At Glen Echo, anyone can be an artist.
Peter Kozloski’s profession is architecture, but his love is photography. He started taking classes at Glen Echo Park that taught him how to develop and print his own work, and he remembers his reaction when he first transferred a photo to paper: “I made that! I actually did that!”
Words like Kozloski’s are spoken and shouted, thought and whispered every day at Glen Echo. Most visitors come here for the carousel rides and the children’s theaters, the nature center and the swing dances. But tucked away in various corners of the park are workshops and studios that draw hundreds of students a week to classes in photography and pottery, painting and drawing and glasswork. And many discover a talent they never thought they had. Christine Hekimian, a glass instructor, describes people when they first enter the studio: “They always say, ‘I really can do this?’ And we always say, ‘Yes, we can teach you.’”
The stereotype of the lonely artist, toiling away in some tiny garret, does not describe Glen Echo. Here, art is a community activity, where neighbors learn together and encourage each other. And when the “kiln gods” are angry, and a pot or a platter turns out badly, they console each other. They share tips and trips, meals and meetings, and as Frank “Tico” Herrera, a photo instructor puts it: “We’re kind of a club, the Island of Misfit Toys.”
Glen Echo sits on a bluff above the Potomac River off MacArthur Boulevard. For 75 years it was a flourishing amusement park, but after it closed in 1968, the National Park Service acquired the land and shifted the focus from carnival to culture. Following major renovations in 1999, Montgomery County took over management of the arts programs.
One key project was the Yellow Barn, a “pile of junk” just a few years ago, according to park spokeswoman Jenni Cloud, and now home to 38 different painting and drawing classes. Walt Bartman, a longtime teacher at Walt Whitman High School, runs the program and Glen Kessler, one of Bartman’s students, has rejoined his mentor to teach at Glen Echo. “We feel like we’re in on the ground floor of something special here,” says Kessler, and the students are a big part of that. At the college level, where he has also taught, students are often forced to suffer through art lessons. At Glen Echo, he says, “students are taking a class because they have a passion for it.” High school seniors often work next to senior citizens, producing a creative energy that Kessler describes this way: “The class becomes its own engine; I just try to drive it.” Students are not battling for grades, so a sense of competition is replaced by cooperation. “People see things in each other’s work they can emulate—or avoid,” says Kessler. “It encourages the group to grow. They push one another.”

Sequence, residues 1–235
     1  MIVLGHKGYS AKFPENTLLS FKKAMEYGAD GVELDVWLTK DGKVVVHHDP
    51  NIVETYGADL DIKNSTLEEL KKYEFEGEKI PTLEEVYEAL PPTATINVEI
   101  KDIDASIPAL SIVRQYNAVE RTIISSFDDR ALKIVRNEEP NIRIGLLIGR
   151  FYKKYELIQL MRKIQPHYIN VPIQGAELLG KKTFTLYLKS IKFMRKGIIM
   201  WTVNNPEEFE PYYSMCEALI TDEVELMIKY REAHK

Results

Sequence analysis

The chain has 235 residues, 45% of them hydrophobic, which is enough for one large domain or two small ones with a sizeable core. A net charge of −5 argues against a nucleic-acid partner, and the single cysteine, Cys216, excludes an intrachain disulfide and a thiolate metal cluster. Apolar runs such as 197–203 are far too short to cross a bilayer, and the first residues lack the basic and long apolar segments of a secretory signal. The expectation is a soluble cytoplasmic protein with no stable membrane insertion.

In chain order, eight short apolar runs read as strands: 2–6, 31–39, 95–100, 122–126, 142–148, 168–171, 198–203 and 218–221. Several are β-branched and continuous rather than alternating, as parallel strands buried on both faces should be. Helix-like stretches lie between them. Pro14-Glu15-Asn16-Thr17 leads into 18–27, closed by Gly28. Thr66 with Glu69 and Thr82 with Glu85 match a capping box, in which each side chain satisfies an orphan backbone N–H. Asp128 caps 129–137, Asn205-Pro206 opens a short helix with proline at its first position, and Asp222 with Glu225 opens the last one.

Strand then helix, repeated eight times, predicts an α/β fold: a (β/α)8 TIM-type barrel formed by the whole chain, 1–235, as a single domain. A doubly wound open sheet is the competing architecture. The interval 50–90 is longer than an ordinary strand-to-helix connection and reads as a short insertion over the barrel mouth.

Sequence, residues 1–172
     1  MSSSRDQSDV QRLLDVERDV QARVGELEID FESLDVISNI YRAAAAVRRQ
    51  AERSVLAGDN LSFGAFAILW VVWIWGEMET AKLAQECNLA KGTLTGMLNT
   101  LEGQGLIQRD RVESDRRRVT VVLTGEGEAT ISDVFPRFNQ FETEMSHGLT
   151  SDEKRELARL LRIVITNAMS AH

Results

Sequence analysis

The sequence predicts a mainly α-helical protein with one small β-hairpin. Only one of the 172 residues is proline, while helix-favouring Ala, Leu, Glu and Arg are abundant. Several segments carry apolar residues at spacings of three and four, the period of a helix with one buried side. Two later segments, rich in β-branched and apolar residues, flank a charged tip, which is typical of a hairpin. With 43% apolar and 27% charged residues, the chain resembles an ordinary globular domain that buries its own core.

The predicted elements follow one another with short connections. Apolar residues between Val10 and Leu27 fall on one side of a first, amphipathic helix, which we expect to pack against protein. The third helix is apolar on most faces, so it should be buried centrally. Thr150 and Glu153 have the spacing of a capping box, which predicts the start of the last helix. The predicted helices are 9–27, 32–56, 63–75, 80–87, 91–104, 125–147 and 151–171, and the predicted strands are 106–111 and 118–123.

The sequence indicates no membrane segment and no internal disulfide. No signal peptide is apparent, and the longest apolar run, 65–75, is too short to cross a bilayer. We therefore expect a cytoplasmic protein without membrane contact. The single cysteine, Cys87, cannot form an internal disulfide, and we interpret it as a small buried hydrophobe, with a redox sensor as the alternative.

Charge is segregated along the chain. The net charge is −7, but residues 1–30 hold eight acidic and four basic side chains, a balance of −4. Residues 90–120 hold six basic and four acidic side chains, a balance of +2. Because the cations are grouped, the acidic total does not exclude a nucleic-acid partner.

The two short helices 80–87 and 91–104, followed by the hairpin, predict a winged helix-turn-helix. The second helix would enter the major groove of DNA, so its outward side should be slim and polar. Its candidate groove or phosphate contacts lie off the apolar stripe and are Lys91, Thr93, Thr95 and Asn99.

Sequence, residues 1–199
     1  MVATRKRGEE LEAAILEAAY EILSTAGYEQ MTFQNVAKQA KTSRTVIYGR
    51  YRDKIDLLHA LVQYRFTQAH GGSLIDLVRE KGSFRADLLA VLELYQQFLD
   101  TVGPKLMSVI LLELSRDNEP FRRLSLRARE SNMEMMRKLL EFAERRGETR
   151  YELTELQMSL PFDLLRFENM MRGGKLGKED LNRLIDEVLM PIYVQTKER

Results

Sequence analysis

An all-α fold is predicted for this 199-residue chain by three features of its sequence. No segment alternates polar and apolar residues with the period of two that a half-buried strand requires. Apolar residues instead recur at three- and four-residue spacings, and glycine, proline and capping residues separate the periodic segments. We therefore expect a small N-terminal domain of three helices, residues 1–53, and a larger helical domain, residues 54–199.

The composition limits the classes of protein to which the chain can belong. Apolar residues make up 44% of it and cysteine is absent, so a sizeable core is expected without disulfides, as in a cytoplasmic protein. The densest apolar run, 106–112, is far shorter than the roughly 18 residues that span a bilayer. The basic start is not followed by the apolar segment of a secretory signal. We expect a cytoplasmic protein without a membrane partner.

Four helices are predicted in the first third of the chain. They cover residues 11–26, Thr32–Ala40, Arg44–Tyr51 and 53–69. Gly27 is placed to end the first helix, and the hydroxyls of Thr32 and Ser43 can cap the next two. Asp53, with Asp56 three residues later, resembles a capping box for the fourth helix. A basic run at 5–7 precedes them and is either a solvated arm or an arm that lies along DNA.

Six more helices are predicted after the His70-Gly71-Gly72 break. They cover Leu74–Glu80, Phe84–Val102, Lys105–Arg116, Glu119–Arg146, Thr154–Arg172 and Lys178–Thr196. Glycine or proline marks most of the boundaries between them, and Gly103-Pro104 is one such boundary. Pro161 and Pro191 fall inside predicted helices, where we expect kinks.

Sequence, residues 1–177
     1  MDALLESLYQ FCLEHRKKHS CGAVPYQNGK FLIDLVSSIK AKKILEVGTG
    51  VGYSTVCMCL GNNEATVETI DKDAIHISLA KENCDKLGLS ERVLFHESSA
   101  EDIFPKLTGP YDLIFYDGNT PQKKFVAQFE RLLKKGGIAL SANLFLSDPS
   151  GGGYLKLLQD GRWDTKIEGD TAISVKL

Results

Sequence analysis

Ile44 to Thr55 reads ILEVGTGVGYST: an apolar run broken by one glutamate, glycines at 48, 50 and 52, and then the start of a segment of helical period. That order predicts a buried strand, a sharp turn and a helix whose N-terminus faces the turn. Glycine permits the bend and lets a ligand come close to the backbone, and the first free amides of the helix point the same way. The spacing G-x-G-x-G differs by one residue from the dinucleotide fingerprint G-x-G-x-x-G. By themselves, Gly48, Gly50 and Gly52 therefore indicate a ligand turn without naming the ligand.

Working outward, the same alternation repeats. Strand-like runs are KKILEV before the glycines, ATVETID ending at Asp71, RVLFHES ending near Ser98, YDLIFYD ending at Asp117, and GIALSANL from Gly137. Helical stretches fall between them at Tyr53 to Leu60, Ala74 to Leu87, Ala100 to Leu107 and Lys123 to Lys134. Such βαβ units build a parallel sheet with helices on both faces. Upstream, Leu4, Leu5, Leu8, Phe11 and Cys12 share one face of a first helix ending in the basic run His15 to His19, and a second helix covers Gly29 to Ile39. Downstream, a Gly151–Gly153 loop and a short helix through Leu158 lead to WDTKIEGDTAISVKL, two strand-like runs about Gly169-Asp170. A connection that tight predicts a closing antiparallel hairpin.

Ron Jensen, a former professor of Russian history, is working on the day’s lesson in Kessler’s drawing class. “People are very supportive,” he says of his classmates. “They don’t say, ‘that’s junk.’” At the next easel, Annetta Dexter Sawyer admits that she used to do nude modeling at Glen Echo, “when I was doing my master’s and was very poor.” Now a college dance instructor, she likes being a student again: “It’s good to teach myself to listen, and be on the other side.”
I wandered over to the pottery “yurt,” one of several round, squat buildings used by the arts programs. It was Friday afternoon, “open studio” time, when any student can use the facilities. Each potter was working at her own wheel, but they were close enough to toss gossip along with their clay. (“What goes on in the yurt stays in the yurt,” is their motto.) “I came here to develop humility,” laughs Catherine Naylor, a former second-grade teacher. Often, she says, a pot designed to be white emerges from the kiln “battleship gray,” but even the nagging aches in her hands and back can’t keep her away from the studio: “I work through my pain.”
At the next wheel, Kay Allan calls the work addictive. “I wake up in the middle of the night thinking about it, everybody here will tell you that.” A Foreign Service wife, Allan also teaches pottery classes and particularly enjoys working with children: “They sometimes do better than the adults, they’re less inhibited.” Barbara Silver, a retired headhunter, echoes a common theme: The potters are eager to learn from each other. After all, she says with a wry smile, “you don’t need any more ugly pots in your house, and your friends are tired of getting them.” But occasionally, this close community gets a bit too close. Allan was recently manning the gallery, where the potters display their work. After selling a large seafood casserole, she couldn’t wait to tell the maker. “I know,” he replied, “you sold it to my ex-wife.”